COVID-19 researchers encouraged by vaccine progress, while vigilant of variants

Managing the Pressure
State health officials report 450 new cases of coronavirus Thursday


Researchers have been quiet heroes amid this pandemic.

They do not herald their many successes with the COVID-19 vaccines. Instead, they choose to stay focused on protecting us all, and right now, they say there is a lot for us to be hopeful about despite the drawbacks COVID-19 have posed on their field.

“We’ve been able to do quite well,” said Bruce Zetter, the head researcher at Boston Children’s Hospital and a professor of cancer biology at Harvard Medical School. “Most laboratories doing research, whether they’re in hospitals, universities or companies, I would say they lost maybe a third of their productivity over the past year [and still were able to produce a vaccine].”

Because of social distancing, many labs had to cut the number of people allowed inside of them, reducing productivity in a field that demanded a COVID-19 vaccine as soon as possible.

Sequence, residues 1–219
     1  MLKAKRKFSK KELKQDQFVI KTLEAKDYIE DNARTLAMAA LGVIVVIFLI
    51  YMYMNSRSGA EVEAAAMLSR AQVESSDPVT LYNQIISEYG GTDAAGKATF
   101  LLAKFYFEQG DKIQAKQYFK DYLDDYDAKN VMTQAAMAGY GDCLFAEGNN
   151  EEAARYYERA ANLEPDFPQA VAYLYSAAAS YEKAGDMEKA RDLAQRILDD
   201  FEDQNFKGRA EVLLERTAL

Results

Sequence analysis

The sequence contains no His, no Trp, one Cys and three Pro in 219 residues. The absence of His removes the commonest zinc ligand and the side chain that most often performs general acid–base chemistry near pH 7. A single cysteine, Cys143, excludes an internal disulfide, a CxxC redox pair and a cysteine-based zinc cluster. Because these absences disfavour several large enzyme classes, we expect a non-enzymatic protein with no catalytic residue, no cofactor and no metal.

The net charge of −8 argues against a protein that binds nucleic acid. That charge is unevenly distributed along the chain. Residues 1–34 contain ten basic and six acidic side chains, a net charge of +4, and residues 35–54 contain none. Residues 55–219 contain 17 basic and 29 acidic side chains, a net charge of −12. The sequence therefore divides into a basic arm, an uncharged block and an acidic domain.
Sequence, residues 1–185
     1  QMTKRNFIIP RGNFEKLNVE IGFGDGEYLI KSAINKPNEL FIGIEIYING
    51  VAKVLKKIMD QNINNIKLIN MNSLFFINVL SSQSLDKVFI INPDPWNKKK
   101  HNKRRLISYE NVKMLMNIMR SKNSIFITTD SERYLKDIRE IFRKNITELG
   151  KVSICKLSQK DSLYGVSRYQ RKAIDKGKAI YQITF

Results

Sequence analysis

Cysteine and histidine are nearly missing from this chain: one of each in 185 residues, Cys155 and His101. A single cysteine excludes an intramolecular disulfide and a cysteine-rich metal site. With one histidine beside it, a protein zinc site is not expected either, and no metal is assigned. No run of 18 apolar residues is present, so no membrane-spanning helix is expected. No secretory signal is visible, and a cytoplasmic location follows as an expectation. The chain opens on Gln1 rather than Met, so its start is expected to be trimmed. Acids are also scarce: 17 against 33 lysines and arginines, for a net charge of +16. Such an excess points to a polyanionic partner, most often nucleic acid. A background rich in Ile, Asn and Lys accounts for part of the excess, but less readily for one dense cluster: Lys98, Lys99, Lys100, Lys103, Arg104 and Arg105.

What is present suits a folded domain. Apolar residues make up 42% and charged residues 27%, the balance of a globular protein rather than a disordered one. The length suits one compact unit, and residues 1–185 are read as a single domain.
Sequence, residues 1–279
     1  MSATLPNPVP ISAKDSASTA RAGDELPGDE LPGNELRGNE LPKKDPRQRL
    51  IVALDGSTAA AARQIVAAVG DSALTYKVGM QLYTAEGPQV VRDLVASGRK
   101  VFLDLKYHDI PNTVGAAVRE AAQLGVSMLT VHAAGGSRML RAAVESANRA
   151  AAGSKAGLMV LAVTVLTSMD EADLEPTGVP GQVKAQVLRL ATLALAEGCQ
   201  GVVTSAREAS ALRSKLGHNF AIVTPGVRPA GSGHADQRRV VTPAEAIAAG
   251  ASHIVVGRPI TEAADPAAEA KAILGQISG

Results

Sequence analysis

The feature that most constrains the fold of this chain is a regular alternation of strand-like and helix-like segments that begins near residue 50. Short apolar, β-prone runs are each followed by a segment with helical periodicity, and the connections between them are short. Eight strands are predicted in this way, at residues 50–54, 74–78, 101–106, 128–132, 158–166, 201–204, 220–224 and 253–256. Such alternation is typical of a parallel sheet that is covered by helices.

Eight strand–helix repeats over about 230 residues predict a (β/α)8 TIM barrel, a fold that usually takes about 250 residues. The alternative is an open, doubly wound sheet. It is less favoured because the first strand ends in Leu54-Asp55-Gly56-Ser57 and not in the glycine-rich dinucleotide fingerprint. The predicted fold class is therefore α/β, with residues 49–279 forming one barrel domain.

In the past, it might have taken years for researchers to come up with one, but under intense pressure, they were able to create a vaccine to a novel virus that had not been seen before, and administer it, in under 11 months.

“A lot of people are working very hard to try and answer some of the questions that need to be answered,” said Dr. Brenda Hogue, a coronavirus researcher at Arizona State University.

We first caught up with Dr. Hogue in October and visited her lab in Tempe, Arizona, when Pfizer and Moderna announced COVID-19 vaccines were in the works.

Since that time, she says researchers in her laboratory have been invigorated by the progress that has been made in administering the vaccine while staying focused on future developments, such as mutations.

“There are a lot of good, interesting, and exciting questions to all be addressed,” said Hogue.

In recent months, new COVID-19 variants from South Africa, Brazil, and the United Kingdom have all been detected in populations. Researchers say the South African and U.K. variants, both of which contain a mutation called N501Y, are believed to make the virus more contagious than older variants.

The South African variant also contains a mutation that researchers say appears to make the virus better at evading antibodies produced by the body.

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